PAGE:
“He toted the load tonight, he was the primary ball carrier, and that’s kind of what we wanted to see. It’s really a snapshot of his growth and development throughout this training camp and preseason. First things first, he showed up in good physical condition, and that’s a prerequisite. He kind of took off from there. What he showed tonight is kind of a snapshot of what he’s done for us here in the last month or so. It needs to continue. He’s capable of it continuing.”
-Pittsburgh Steelers head coach Mike Tomlin after running back Jonathan Dwyer’s 13-carry, 63-yard Week 3 preseason performance (a 38-7 win over Buffalo).
This sounds like a guy that is geared up for a breakout season.
Dwyer is a big back with surprising long speed. He’s not very elusive behind the line of scrimmage, but has adequate agility and can make people miss in the open field. Dating back to his days as a Georgia Tech Yellow Jacket, he is an effective inside runner. There is a lot of young Michael Turner-like qualities in his game, and on a team like the Steelers that is exactly what they need – a bruiser who can make plays in the open field and take pressure off of the passing game. He is only 23 years old and finally has his head on straight. Taking the NFL seriously, something he was rumored to not be doing in his first two years in the league.
He was a very good running back in college and the biggest problem he has had is that he didn’t treat the NFL like a job. This is common for young guys in the league who haven’t had to put in the work and effort at lower levels to succeed; some never adjust, others just take longer. Dwyer appears to be a case of the latter, especially given his offseason weight issues. He had issues hitting weight throughout school and repeated the same problems at the NFL Combine, causing his stock to plummet deep into Day 3. He followed that up with poor appearances at training camp each of his first two seasons and organized team activities this past May. The light turned on between organized team activities and camp because he showed up to Latrobe, Pennsylvania, in excellent shape.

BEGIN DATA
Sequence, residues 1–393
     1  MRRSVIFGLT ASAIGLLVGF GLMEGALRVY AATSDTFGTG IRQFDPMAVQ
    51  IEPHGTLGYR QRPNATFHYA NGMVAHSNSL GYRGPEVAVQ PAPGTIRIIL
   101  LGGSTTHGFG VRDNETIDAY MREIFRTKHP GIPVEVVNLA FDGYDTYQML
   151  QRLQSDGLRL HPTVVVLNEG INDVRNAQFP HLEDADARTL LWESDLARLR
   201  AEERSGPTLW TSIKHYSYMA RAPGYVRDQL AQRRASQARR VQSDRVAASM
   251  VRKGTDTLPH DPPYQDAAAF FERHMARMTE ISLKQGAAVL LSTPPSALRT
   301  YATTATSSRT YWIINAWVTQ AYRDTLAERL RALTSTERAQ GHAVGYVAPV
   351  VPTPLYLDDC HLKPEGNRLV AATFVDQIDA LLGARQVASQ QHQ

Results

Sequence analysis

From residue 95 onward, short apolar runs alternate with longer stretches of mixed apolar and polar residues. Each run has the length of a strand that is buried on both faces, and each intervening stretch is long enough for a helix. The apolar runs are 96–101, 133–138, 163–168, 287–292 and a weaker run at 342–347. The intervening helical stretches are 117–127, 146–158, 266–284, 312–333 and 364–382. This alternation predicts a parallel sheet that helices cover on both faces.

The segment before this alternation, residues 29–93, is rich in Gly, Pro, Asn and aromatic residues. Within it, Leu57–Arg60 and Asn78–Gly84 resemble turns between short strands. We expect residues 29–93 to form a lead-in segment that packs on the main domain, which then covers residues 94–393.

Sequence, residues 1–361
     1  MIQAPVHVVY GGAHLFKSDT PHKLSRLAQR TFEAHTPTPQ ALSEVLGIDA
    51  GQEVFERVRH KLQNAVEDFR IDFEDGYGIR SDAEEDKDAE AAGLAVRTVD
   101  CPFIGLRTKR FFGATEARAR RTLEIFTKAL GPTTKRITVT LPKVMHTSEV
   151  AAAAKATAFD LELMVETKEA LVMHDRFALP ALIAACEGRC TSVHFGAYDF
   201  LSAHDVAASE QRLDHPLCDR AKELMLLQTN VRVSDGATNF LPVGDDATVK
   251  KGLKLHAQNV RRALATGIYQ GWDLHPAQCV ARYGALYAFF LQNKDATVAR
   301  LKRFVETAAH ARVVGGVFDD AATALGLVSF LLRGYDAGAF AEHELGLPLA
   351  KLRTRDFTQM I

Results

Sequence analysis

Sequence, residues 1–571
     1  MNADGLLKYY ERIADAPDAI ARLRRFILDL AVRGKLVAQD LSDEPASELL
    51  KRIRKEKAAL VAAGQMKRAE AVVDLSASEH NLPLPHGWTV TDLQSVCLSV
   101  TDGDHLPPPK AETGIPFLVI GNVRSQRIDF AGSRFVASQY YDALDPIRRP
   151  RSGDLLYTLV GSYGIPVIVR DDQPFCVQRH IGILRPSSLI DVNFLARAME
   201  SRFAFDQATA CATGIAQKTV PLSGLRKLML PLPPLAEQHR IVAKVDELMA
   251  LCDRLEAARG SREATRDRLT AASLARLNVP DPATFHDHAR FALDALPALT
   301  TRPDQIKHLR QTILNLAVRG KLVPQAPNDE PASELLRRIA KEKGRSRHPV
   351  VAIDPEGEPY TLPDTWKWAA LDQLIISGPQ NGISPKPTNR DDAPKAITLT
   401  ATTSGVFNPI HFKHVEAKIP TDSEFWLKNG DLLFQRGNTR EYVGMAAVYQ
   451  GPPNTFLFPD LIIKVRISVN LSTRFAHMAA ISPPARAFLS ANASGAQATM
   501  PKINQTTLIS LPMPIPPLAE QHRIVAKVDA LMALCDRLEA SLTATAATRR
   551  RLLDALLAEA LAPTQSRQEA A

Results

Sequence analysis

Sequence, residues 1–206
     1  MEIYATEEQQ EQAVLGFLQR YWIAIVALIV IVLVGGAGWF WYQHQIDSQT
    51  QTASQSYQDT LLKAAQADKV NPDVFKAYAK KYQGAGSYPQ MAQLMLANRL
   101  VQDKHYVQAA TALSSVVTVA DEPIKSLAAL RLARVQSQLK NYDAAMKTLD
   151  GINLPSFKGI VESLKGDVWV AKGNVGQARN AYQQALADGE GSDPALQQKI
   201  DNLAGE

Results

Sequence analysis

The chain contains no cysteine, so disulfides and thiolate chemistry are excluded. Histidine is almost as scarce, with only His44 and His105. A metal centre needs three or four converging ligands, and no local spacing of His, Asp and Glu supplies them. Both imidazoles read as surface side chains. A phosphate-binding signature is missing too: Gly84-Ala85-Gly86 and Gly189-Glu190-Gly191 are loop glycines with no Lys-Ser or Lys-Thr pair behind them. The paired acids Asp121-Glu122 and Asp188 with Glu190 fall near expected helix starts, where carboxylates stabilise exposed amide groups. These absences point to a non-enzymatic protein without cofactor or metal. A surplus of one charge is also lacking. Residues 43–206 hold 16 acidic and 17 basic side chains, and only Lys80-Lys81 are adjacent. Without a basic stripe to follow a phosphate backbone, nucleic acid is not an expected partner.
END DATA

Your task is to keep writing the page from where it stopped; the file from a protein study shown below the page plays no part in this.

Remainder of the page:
Dwyer has a huge opportunity here with Rashard Mendenhall coming off an ACL tear and Isaac Redman fighting through three different injuries. Dwyer will be a restricted free agent next year while Mendenhall will be an unrestricted free agent and Redman will be a 28-year-old restricted free agent. Given the Steelers’ cap issues, unless Mendenhall is clearly better, there won’t be a reason to pay him more money than either Dwyer or Redman. When it comes time for new contracts, with all else being equal, a 23-year-old Dwyer will look better than a 28-year-old Redman. The Steelers must find out what they have in him this season, and, given the current health issues plaguing Mendenhall and Redman, there’s a three-week window to open the season for Dwyer to earn his keep.
The Steelers are not a fan of the committee approach. They preach competition and rarely go into each season without contingency plans, but when they start playing games they want one guy. Mendenhall wasn’t supposed to be activated off the Physically Unable to Perform List, but not coincidentally after Redman encountered some injuries in August, Mendenhall was activated. Redman’s banged up, probably will be all year and Chris Rainey is a role player, so all that’s left is Dwyer. If Dwyer is not the answer or gets hurt, the Steelers want the option to go to Mendenhall before Week 6. I think the activation of Medenhall off the Physically Unable to Perform List, despite him not being ready, says more about Redman’s health than anything else.
If Redman were healthy, I think Mendenhall’s still on the Physically Unable to Perform List. Activating Mendenhall from the Physically Unable to Perform List so they can use him for two weeks at the expense of another roster spot doesn’t pass the smell test, especially given the other current health issues on the team. Mendenhall’s the owner of a 3.9 and 4.1 yards per carry the last two years, he’s limited in the passing game, and nothing special on the field. Redman did better than Mendenhall last year and he’s not coming off a blown out knee. If the Steelers were confident Redman were healthy, they would feel better about rolling with him for the first five games with Dwyer as Plan B/competition and Rainey in his role. They could use that extra body somewhere else. An extra body on the offensive line or at linebacker is more important than having four running backs. This limits Dwyer’s window of opportunity, but all signs point toward it being open regardless.
As far as this week is concerned, Redman did practice on Monday, but Tomlin lumped him in with players such as Rashard Mendenhall and James Harrison in seeing “where the week takes us.” Despite Tomlin’s newfound optimism on Mendenhall, it’s doubtful that he will play in the opener and Redman being mentioned in the same ‘uncertain’ breath as Mendenhall has me thinking he’s not in the team’s plans, either. One of them will be active, but only in an emergency role. The Steelers will trend more towards the pass despite Mike Wallace just reporting to camp, but there’s plenty of room for Dwyer to rack up 20 carries as well as a few opportunities in the passing game in the short-term, and a starting job in the long-term.